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[[2 images]] [[italicized]]Untitled Book[[/italicized]] by Bali (top);
[[italicized]]St Andreas Fault[[/italicized]] by Batra [[/2 images]]

when she was very young. Her art is autobiographical and introspective rather than aimed at conveying a message. "It's a way for me to integrate my western and eastern aspects," she says. The Indian influence is apparent in every aspect of her work--in paintings such as [[italicized]]Planting Secrets[[/italicized]] she uses embroidery as one of the elements. Desai also paints murals; she was one of the artists who created a large mural on the four-storey Women's Building in San Francisco. A San Francisco native, she now teaches mural painting at Laney College in Oakland and dabbles in mehndi and rangoli.

Swati Kapoor's abstract work in mixed media. [[italicized]]Occupying Space[[/italicized]] shows a feverish density of lines and gray tones. The 28-year-old artist says she made the painting, which is in four panels, by placing paper on the floor and throwing layers and layers of paint across it. "I was trying to cover the expanse somehow. I wanted to be on all sides, everywhere at the same time," she says. The same impulse reigns in the metal pieces [[italicized]]Points of Space[[/italicized]]. For Kapoor, art is in the making of the painting or sculpture. "Doing the process completes the painting for me," she says. Kapoor, who came to the US six years ago to study at the San Francisco Art Academy, lives in Milpitas and works as a graphic designer at a software company.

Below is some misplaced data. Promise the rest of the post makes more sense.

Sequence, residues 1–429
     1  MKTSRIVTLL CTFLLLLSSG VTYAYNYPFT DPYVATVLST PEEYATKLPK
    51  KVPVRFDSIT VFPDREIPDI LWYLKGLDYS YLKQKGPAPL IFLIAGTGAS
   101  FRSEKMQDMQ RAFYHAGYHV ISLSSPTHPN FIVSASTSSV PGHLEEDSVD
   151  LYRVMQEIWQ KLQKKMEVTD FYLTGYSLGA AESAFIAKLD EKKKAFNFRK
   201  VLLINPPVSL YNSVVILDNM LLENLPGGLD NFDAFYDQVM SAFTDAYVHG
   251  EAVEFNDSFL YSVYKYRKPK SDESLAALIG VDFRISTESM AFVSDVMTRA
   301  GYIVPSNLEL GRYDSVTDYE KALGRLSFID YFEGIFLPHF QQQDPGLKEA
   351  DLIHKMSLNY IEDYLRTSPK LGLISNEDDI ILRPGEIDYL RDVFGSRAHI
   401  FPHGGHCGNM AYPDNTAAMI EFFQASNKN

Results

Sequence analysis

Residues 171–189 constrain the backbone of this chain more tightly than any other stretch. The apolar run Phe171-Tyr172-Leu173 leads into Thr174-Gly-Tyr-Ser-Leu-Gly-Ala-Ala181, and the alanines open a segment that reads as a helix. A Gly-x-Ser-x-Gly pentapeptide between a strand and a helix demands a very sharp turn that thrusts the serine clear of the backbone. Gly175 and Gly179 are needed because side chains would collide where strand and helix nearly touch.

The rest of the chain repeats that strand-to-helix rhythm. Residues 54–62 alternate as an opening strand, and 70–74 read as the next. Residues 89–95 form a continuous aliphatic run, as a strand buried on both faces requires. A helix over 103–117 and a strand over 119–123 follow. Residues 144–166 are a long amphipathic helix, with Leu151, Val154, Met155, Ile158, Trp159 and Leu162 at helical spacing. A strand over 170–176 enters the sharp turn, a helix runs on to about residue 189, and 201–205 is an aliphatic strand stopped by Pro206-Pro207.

The seniormost member of Shakti is Zarina Hashmi whose delicate minimalist work has won her many admirers from New Delhi, where she spent many years, to New York, where she has been living now for over two decades. Others artists at the show include Rajat Ghosh, Kavita Bali and Permi Gill.

The show is just the beginning. Indian American art on the east coast, unlike in the cities on the Atlantic, is yet to gain viewer interest. As Sitaraman says: "I hope that exhibitions by this group will create a heightened interest and appreciation of contemporary art by people of Indian origin".
Please note that the language and terminology used in this collection reflects the context and culture of the time of its creation, and may include culturally sensitive information. As an historical document, its contents may be at odds with contemporary views and terminology. The information within this collection does not reflect the views of the Smithsonian Institution, but is available in its original form to facilitate research. For questions or comments regarding sensitive content, access, and use related to this collection, please contact